Small- and Medium-sized Companies in Japan Struggle to Reduce Emissions

The Yomiuri Shimbun
Kiichiro Takeuchi, president of Keiyo Seisa Co., left, discusses decarbonization efforts while checking drawings for the firm’s new plant, in Katsushika Ward, Tokyo.

As global warming advances, there is a growing movement among small and medium-sized enterprises (SMEs) to reduce greenhouse gas emissions in their manufacturing processes.

These efforts have been driven by a growing interest in environmental problems, together with calls from their business partners to take steps. However, many managers of SMEs are concerned about a lack of know-how and funds.

The government has been offering a variety of support measures to mitigate such concerns, thereby helping them to decarbonize.

‘What do we have to do?’

“Our company cannot achieve the carbon neutrality target all by itself. We want you to be actively involved, too.”

Earlier this year, this request was made of Keiyo Seisa Co., a tire chain manufacturer based in Katsushika Ward, Tokyo, by one of its corporate customers, a leading steelmaker. But the president, Kiichiro Takeuchi, 50, could not hide his puzzlement. “I understand the importance of the global environment, but what specifically do we have to do?”

At the company’s plant, a heat treatment furnace is used in the process of strengthening tire chains. This burns a large amount of heavy oil, emitting a huge amount of greenhouse gases daily.

When the company sought advice from Resona Research Institute Co., with whom it regularly consults on corporate management, the Tokyo-based institute suggested that the maker electrify its new plant, which will be relocated to Yachimata, Chiba Prefecture, in autumn next year.

Taking the advice, the company decided to install an electric heat treatment furnace so that the plant will not need to burn any heavy oil. The company will also replace eight forklifts and one company car with electric vehicles.

To cover the large amount of electricity to be consumed, the company will have solar panels measuring approximately 1,700 square meters installed on the roof of the new plant. It is estimated that the new plant will enable the company to eliminate approximately 500 tons of carbon dioxide produced at its current plant.

Takeuchi said: “If Russia’s aggression against Ukraine is prolonged, there is a possibility that energy prices will remain high. Although the initial investment is high, we believe that it will lead to improved corporate management in the long run.”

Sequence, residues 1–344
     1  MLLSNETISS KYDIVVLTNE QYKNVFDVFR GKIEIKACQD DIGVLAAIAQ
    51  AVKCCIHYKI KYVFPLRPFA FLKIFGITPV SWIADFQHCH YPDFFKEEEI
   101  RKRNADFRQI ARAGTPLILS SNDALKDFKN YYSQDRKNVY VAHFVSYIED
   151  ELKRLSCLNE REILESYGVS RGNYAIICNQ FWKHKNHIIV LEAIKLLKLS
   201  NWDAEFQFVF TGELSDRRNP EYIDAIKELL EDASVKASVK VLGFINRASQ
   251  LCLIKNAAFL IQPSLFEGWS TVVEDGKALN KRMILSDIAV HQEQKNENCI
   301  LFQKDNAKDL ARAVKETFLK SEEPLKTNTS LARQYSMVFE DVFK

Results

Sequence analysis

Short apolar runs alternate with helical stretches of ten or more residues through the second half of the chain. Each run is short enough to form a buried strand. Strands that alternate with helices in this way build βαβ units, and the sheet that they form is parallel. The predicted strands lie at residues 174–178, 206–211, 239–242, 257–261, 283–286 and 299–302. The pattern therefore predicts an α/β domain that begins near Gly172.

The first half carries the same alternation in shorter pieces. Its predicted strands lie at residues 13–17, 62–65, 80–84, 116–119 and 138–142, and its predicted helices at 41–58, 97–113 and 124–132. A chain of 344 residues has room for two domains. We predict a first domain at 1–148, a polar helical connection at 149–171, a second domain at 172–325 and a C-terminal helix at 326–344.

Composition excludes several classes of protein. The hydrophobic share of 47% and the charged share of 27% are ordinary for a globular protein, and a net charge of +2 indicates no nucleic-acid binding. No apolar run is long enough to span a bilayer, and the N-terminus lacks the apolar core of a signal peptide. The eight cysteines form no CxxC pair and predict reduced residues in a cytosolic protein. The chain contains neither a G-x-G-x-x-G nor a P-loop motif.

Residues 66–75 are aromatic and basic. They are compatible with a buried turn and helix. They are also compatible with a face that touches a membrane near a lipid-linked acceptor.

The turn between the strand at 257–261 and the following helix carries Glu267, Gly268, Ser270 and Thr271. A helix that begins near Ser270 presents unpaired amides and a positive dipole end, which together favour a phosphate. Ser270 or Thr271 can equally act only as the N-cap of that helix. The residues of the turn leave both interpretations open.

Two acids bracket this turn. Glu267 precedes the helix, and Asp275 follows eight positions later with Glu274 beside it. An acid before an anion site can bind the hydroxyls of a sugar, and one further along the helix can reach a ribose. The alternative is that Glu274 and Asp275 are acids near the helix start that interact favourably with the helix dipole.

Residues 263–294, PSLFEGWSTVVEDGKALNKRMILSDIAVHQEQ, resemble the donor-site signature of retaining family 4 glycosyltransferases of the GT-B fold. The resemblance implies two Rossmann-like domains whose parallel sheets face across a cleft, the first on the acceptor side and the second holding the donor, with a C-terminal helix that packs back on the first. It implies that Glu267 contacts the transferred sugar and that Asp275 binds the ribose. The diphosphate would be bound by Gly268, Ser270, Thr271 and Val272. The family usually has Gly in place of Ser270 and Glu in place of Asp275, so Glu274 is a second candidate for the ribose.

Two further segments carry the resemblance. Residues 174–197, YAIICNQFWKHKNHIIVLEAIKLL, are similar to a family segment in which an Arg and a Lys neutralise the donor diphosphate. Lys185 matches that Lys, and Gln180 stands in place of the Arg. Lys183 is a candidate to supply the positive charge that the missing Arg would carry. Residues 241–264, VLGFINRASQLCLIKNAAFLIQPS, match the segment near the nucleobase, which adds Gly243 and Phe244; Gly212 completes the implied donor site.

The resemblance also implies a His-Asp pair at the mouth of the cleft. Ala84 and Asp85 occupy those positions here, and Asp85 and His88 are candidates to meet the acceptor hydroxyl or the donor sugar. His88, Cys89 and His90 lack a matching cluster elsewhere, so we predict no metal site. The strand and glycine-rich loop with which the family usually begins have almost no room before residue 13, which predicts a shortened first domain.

Whole supply chain

The law concerning the promotion of measures to cope with global warming makes it mandatory for companies that emit 3,000 tons or more of greenhouse gases per year to report their emissions to the authorities concerned.

Many SMEs, which account for 99.7% of all companies in Japan, are exempt from this obligation, so their efforts to curb CO2 emissions have lagged behind large companies.

With extreme weather such as torrential rains and heat waves occurring frequently around the world, countries agreed to a global effort to reduce greenhouse gases under the Paris Agreement, an international treaty adopted at the U.N. Climate Change Conference (COP21) in Paris in 2015.

Global companies such as Toyota Motor Corp. and Apple Inc. are now aiming to reduce CO2 emissions throughout their entire supply chains, including SMEs that are responsible for the procurement, physical distribution and disposal of raw materials.

According to a survey of 1,666 SMEs conducted last August by the Japan Finance Corporation’s Research Institute, 44.9% responded that they are tackling a reduction in CO2 emissions. This is up 3 percentage points from three years earlier.

As to their emissions reduction policy for the next three years, more than 70% of them said they would push ahead with such efforts.

On the other hand, there are still deep-seated concerns among managers of SMEs, such as fears that costs will increase and not knowing how to tackle this issue.

Hikaru Fukanuma, the institute’s chief research fellow, thinks “there is a high degree of willingness [among SMEs] to decarbonize, so it’s highly likely that their efforts will accelerate should the obstacles of cost and know-how be cleared.”

Community-wide effort

The Economy, Trade and Industry Ministry has said that SMEs emit an estimated 120 million to 250 million tons of greenhouse gases annually, accounting for 10% to 20% of the country’s total emissions.

In a cabinet decision in 2021, the government set forth a policy of promoting carbon neutrality throughout supply chains and established a series of programs for subsidies and low-interest loans for businesses adopting equipment to reduce CO2 emissions.

In June this year, the Environment Ministry picked out 16 areas, including the city of Akita and the prefectures of Aichi and Kyoto, as model districts where local governments, financial institutions and chambers of commerce and industry are working together to support the carbon neutrality efforts of SMEs in their communities.

Under this program, the ministry encourages relevant local entities to come up with initiatives to help SMEs calculate CO2 emissions and take energy-saving measures. This fall, a new qualification of “decarbonization advisor” will be established to advise managers of SMEs on how to reduce emissions.

An assistant director of the ministry’s Climate Change Policy Division said: “As decarbonization efforts are not well advanced at SMEs, there is plenty of room to reduce emissions. Even if emissions at individual firms are small, the effect when combined should be great.”